continued In her note to me, Miller includes Wong's e-mail response. "We have the answer for you," wrote Wong on February 7. "The City of San Diego has confirmed that the current official maximum reservoir storage capacity is 4818 acre-feet at spillway...elevation, not 6085 acre-feet as our records show.... Without further research, we do not know why the storage capacity was based on the dam crest instead of the spillway crest. You were right, with a spillway in place, the dam is not capable to impound water up to the dam crest at Elevation 542.50 for a capacity of 6085 acre-feet. We will update our records to reflect the correct data." When Miller checked recently, the Division of Safety of Dams' website had been changed to reflect the correction.
MacKenzie's third concern involved who had title to the property. He said he had evidence that in 1992 "the County of San Diego Assessor's Office [had] questions about clear title to the property, [and] that the Chicago Title Company could not insure title in the Blunt Heirs." (Joe Blunt had inherited the property from his uncle Bruce Waring in the 1960s and passed it on to the next generation of heirs when he died.)
But a year ago, Miller obtained a title report from Chicago Title showing that members of her family have been on title continuously ever since 1887. "What came as a shock," she tells me by phone, "is that in 1971 two nuns from Mercy Hospital signed a quit claim deed handing the property over to the City. I have no idea where that came from. Mercy Hospital is nowhere else in the title report showing any ownership of the property. I do think, however, that it's no coincidence that the quit claim deed was executed a month after my uncle Joe Blunt lost a court challenge to the City's use of our property."
Joe Blunt suffered from schizophrenia, Miller tells me, and when the Waring property came into his hands, the family set up a Security Pacific Bank conservatorship to handle his financial affairs. In 1964, the bank took the City to court to recover the Lake Murray property. Much of Blunt's financial reserves were wasted in the seven-year fight, according to Miller.
MacKenzie referred to the court case in the final point of his August 2006 letter to Miller. "The trial court," he wrote, "rendered a judgment favorable to the City [in] its use of the property in question for its water system." MacKenzie then wraps up his letter with these words: "It is the City's continued opinion that we are well within our rights in use of the property."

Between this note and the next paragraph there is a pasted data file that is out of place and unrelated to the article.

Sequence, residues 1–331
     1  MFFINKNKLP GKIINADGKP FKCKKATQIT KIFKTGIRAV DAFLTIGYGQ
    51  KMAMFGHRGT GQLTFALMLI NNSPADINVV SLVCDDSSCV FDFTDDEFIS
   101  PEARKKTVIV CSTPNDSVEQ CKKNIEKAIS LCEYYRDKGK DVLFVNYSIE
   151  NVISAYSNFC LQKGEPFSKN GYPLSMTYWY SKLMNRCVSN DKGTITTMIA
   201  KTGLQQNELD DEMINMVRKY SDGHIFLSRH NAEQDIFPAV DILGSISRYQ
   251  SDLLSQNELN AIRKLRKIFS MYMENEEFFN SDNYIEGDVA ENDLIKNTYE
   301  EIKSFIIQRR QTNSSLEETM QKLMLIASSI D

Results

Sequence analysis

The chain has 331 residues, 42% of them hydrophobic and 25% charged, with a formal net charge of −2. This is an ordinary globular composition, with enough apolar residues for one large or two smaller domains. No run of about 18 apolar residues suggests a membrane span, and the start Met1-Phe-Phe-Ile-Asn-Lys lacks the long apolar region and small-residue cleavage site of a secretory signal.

MacKenzie is correct, Miller says, that the court supported the City's use of the land for water services. She and her family have no objection to this use, however, as it was part of the original easement agreement in 1887. But the City's current refusal to acknowledge her and her family's ownership rights is wrong, she feels. "And they have unjustifiably used our land for purposes other than those in the original agreement," she argues.
Former San Diego city attorney John Witt admitted as much in a February 11, 1991, letter to one of Miller's cousins, another heir to the Lake Murray property. "The area below the 100-foot contour line and above the present water line has been continuously utilized by the general public for various park and recreation uses and such use has increased substantially since the 1971 court decision," wrote Witt.
"In fact, in 1990, the City's Water Utility Department caused the construction of a chain link fence around the Lake Murray property with limited access points. There was a substantial public reaction to the fence which has resulted in the City Council's and City Manager's determination to make certain that the property continues to be accessible and available to the public 24 hours a day, 365 days a year," Witt continued.
"Neither Mr. Blunt nor any successors in interest have, to our knowledge, ever given permission to utilize the area for other than water storage purposes and it therefore appears that the City's and the public's 'open and notorious' use of the property over the past fifty years or more has certainly established rights even beyond the rights granted in the original deed."
In his letter, Witt seemed to suggest that the City long ago took possession of the property by "adverse possession." The fancy legal term means that one party may acquire ownership of another's land by using it continuously over a specified period of time without objection. But if the case goes to trial, as Miller is contemplating, her family will argue that the City deceived them about how much of their land the Lake Murray Reservoir uses.
But the City had already tried to put one final nail in the coffin. The San Diego City Council voted in 1989 to rezone the Waring heirs' property from agricultural to open-space land, making it a part of Lake Murray Community Park. Rezoning decisions require that notices be sent to all affected parties, allowing them to protest. Merrilee Miller insists that her family never received such notice. Lane MacKenzie failed to bring up the rezoning as a reason the family could not use its property. He may have overlooked it. Or, given the City's habit of acting as though it owned the land, he may have been sure that, as Miller claimed, the family never was notified. The least he could have done then, you might think, was allow them to park a vehicle on the property.